Media Industries: History, Theory, and Method. Jennifer Holt and Alisa Perren, eds. Malden, MA: Wiley-Blackwell, 2009. 283 pp.
Offering twenty original scholarly essays, this anthology provides a solid collection of recent surveys of various media industries, melding description, analysis, and even some predictions. Collectively, they provide a sense of how “media industries” is fast becoming a recognized field of study in its own right—along with an idea of some of the work still necessary to make that happen.
The editors teach communication at the University of California-Santa Barbara, and George State University, respectively. They and their cast of contributors (many among them fairly senior scholars with impressive records) demonstrate the value of multidisciplinary studies by applying methods of anthropology, sociology, economics (and more specifically industrial analysis), political economy, cultural and policy studies—and even journalism.
The essays are arranged in four sections. “History” includes six papers on such topics as the problem and development of media historiography (by Michele Hilmes, a key practitioner of the art), archives and media studies, film industry studies, broadcast and cable TV networking, advertising’s role in radio-TV development, and new media and how they transform our concept of media history. A “Theory” section features five essays that turn to an articulation of media political economy, thinking globally rather than simply nationally, in a chapter by Michael Curtin, a film studies professor at Santa Barbara who formerly directed the global studies program at the University of Wisconsin. Latin America is an example of regional media industry study; these authors also examine the concept of nation and media industries, and Mark Dueze of Indiana University writes on the modern convergence culture and media work.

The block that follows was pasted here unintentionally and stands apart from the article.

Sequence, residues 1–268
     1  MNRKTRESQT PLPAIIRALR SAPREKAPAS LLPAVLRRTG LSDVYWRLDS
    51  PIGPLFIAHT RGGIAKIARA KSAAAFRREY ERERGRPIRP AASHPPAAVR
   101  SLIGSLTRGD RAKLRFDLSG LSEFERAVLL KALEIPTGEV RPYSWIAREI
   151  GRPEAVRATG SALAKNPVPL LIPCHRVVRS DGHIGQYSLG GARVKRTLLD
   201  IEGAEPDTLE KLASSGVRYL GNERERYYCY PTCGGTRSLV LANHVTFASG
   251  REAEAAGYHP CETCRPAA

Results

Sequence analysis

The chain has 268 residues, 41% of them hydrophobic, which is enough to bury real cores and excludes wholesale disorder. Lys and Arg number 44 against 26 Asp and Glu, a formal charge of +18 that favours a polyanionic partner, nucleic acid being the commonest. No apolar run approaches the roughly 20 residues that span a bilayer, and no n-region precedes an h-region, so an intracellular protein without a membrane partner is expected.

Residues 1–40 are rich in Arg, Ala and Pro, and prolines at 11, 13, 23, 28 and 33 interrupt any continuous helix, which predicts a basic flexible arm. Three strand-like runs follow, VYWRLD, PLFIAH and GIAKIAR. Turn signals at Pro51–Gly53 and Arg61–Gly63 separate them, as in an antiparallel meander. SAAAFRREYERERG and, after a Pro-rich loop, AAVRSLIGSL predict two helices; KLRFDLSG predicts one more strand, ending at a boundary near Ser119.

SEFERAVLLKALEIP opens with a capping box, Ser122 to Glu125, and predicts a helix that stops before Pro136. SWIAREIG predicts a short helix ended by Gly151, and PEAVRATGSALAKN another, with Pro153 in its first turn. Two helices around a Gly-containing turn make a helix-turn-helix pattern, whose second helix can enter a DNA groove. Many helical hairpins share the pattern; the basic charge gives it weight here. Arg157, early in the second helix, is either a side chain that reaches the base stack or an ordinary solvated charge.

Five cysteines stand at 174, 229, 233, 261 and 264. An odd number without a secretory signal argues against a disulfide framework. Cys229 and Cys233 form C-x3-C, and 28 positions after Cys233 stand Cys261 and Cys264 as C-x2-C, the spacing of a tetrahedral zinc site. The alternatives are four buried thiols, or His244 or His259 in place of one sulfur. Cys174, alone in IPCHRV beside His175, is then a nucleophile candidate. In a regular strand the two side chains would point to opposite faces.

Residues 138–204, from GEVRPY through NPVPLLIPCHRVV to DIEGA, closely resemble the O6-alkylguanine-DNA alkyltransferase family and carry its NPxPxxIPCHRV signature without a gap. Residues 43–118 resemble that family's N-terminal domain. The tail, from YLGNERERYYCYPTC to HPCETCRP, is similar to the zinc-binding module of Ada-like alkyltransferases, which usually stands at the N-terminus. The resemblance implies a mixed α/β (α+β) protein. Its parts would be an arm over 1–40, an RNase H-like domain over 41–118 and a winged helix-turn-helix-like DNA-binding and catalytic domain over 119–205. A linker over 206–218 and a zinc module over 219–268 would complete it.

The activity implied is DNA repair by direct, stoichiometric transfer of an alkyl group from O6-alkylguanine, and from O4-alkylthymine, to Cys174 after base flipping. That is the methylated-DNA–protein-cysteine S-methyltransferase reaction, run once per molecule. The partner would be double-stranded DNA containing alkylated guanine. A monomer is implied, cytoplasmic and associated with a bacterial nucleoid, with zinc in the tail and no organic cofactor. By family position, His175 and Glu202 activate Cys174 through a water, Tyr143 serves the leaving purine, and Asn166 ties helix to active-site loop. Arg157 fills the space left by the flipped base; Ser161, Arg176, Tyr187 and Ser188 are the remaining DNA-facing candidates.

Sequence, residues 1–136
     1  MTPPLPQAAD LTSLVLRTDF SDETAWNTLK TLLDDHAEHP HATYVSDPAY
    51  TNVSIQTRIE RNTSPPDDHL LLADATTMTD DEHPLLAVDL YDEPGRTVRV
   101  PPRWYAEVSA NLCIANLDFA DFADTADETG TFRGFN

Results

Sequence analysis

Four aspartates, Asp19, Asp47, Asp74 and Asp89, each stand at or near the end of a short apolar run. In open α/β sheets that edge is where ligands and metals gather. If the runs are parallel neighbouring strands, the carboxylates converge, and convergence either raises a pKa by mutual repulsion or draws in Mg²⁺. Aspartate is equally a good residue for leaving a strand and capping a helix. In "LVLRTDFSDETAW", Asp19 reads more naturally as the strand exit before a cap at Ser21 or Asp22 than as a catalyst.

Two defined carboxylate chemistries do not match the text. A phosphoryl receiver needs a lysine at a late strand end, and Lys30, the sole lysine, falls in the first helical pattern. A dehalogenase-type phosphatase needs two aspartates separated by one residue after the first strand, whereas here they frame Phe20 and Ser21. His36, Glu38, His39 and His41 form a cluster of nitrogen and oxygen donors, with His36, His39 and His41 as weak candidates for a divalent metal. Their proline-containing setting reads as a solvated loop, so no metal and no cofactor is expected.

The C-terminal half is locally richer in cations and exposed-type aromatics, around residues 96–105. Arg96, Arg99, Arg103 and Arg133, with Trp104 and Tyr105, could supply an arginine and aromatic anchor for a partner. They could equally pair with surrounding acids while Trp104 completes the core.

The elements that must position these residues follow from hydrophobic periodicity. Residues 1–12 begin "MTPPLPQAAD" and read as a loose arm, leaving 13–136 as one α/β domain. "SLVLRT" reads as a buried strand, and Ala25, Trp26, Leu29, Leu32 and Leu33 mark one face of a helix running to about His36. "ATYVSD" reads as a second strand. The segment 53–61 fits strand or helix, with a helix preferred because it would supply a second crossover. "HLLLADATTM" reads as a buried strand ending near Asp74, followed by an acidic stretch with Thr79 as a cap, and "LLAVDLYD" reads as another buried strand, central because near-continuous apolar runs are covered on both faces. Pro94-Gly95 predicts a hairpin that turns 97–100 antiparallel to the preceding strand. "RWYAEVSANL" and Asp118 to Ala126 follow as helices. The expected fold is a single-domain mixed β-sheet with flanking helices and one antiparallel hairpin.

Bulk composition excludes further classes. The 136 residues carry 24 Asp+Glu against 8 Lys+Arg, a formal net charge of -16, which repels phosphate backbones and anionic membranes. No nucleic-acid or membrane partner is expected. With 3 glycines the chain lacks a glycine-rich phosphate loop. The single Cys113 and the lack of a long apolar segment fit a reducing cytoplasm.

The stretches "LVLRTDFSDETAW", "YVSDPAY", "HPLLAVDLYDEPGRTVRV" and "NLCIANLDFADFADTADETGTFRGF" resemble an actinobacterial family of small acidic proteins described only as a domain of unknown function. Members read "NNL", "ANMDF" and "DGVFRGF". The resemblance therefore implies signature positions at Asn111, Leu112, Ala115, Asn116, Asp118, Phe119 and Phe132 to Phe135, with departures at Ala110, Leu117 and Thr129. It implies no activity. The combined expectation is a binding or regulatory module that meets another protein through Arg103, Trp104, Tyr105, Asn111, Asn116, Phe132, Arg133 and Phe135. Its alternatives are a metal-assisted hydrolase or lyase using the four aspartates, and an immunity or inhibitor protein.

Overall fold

“Methodologies and Models” opens with Philip Napoli’s review of the role of media economics in the study of media industries. John McMurria examines issues in regulation and the law (drawing examples from cable and digital media policymaking), and Toby Miller of the University of California–Riverside applies critical cultural policy studies in a chapter titled “Can Natural Luddites Make Things Explode or Travel Faster? The New Humanities, Cultural Policy Studies, and Creative Industries.” Two concluding essays in the section look at media production studies and media industry operations, and the “moral economy” of Web 2.0.
The final section on “The Future” offers four different visions or approaches: consumer-centered analysis, the role of politics and theory in media industry studies, the concept of change as seen from an industry perspective, and working toward media industries research that synthesizes the work and methods of many researchers.
Each essay in this collection is documented and provides something of a survey of the research literature to date in each specialty. While some of the cited “pioneers” are nothing of the sort (the real pioneering work on media industries dates to the 1940s and 1950s, if not even earlier), the book’s papers collectively provide a very useful stock-taking of where things stand. And the emphasis on the value of a variety of methodological traditions is especially useful.
CHRISTOPHER H. STERLING
George Washington University